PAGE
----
Washington, D.C., ZPG, 1988 Aug.  p. (ZPG Fact Sheet)Industrialized nations have emitted gases, which are transforming the Earth into a greenhouse, into the atmosphere for many years. Carbon dioxide (CO2), produced by burning fossil fuels and wood; chlorofluorocarbons (CFCs) released by refrigerants and other sources; nitrous oxides, generated by fossil fuels; and methane, produced from decomposition of organic matter, trap infrared rays thereby causing an unprecedented rate of global warming. In the period from 1900-1988, the concentration of CO2 has climbed 20% and the average global temperature has risen >1 degree Fahrenheit. Further, since 1963, the rate of increase of atmospheric CO2 essentially equals population growth. Population growth also directly contributes to the increase in atmospheric methane. Forests naturally remove CO2 from the air, yet humans are destroying about 27 million acres of tropical forests/year. If the present fossil fuel rates persist, CO2 concentration will increase 2 fold by 2050 causing a mean global temperature increase of 9 degrees Fahrenheit. Other computer simulations predict changes in global precipitation, droughts, a rise in sea level by 1-4 feet, and the extinction of many species of plants and animals. Scientists major concern is the suddenness of this climatic change because it leaves little time for humans and plant and animal species to adapt. The World Meterological Organization of the United Nations advises that all nations ratify the recommendations of the 1987 Montreal meeting on ozone. 1 recommendation states that the industrialized nations must reduce the production and consumption of CFCs by 50% by the end of the century. Since the US consumes 28% of the world's annual energy consumption, the US should led the world in energy conservation. Any approach that does not advocate resource consumption and population stabilization will fail, however.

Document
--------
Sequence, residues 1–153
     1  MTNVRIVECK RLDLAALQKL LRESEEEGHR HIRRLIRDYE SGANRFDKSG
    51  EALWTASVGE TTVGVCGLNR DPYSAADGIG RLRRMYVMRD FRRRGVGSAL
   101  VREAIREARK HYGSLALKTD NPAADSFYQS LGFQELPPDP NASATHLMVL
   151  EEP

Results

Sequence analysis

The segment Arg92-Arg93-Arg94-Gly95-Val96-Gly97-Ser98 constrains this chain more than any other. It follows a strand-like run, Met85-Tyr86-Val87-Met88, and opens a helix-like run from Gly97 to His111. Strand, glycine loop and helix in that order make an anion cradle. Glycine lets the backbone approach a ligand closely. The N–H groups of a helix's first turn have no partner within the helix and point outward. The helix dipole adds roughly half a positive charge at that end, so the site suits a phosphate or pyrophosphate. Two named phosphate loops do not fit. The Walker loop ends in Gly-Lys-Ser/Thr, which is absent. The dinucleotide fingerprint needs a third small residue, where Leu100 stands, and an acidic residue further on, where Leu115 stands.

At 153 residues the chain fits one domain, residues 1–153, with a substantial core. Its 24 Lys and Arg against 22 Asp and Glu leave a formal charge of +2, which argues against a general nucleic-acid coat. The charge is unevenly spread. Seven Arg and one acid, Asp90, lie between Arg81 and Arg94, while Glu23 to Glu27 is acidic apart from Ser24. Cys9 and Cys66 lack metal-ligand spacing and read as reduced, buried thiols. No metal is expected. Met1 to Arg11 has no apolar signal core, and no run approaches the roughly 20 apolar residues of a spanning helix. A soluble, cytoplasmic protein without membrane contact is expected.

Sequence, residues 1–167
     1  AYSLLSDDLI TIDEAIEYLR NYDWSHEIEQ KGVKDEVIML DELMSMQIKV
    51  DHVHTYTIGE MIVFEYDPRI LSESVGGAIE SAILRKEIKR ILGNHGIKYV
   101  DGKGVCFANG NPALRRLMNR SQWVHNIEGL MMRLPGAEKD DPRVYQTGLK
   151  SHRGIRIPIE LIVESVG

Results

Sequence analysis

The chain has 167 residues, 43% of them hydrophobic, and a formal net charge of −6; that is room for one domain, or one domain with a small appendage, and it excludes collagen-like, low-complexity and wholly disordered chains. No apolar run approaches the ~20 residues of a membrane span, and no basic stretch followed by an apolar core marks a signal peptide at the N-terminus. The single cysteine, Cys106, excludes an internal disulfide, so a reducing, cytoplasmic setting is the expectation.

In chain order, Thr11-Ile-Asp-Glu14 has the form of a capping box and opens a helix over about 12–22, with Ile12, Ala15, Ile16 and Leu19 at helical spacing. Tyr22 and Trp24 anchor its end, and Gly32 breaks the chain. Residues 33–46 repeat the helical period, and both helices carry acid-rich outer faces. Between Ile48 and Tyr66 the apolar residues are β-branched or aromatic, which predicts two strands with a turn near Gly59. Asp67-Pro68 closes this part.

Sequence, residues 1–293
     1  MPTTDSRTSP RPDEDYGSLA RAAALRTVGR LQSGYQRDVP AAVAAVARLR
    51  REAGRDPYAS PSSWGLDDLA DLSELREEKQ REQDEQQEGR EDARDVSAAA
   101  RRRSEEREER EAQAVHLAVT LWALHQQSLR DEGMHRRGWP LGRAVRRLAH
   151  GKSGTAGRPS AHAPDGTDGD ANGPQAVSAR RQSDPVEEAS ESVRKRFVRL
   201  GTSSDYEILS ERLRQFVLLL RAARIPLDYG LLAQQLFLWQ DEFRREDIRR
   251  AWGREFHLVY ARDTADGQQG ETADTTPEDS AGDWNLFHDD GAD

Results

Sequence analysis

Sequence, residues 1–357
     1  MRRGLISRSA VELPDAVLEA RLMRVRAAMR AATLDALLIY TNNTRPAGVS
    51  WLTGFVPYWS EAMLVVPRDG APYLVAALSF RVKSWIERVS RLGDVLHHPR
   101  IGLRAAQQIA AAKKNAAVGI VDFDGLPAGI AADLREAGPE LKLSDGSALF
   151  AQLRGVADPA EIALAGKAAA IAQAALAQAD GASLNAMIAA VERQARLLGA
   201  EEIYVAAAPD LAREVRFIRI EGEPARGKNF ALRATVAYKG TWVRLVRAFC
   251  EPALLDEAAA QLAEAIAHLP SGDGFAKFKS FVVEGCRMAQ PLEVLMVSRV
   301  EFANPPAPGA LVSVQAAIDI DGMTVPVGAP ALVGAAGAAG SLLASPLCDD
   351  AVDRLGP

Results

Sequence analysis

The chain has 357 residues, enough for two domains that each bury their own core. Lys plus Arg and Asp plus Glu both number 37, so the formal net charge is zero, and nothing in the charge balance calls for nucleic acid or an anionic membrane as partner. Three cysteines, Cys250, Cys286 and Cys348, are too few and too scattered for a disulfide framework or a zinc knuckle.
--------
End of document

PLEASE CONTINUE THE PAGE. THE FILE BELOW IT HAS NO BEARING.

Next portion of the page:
Oxford, England, Oxford University Press, 1987. xv, 400 p.In this report, the World Commission on Environment and Development does not predict ever increasing environmental decay, poverty, and hardship in a world becoming more polluted and experiencing decreasing resources but sees instead the possibility for a new era of economic growth. This era of economic growth must be based on policies that sustain and expand the environmental resource base. Such growth is absolutely essential to relieving the great poverty that is intensifying in much of the developing world. The report suggests a pathway by which the peoples of the world can enlarge their spheres of cooperation. The Commission has focused its attention in the areas of population, food security, the loss of species and genetic resources, and human settlements, recognizing that all are connected and cannot be treated in isolation from each other. 2 conditions must be satisfied before international economic exchanges can become beneficial for all involved: the sustainability of ecosystems on which the global economy depends must be guaranteed; and the economic partners must be satisfied that the basis of exchange is equitable. Neither condition is met for many developing nations. Efforts to maintain social and ecological stability through old approaches to development and environmental protection will increase stability. The Commission has identified several actions that must be undertaken to reduce risks to survival and to put future development on sustainable paths. Such a reorientation on a continuing basis is beyond the reach of present decision making structures and institutional arrangements, both national and international. The Commission has taken care to base its recommendations on the realities of present institutions, on what can and must be accomplished now; yet to keep options open for future generations, the present generation must begin to act now and to act together. The Commission's proposals for institutional and legal change at the national, regional, and international levels are embodied in 6 priority areas: getting at the sources; dealing with the effects; assessing global risks; making informed choices; providing the legal means; and investing in the future.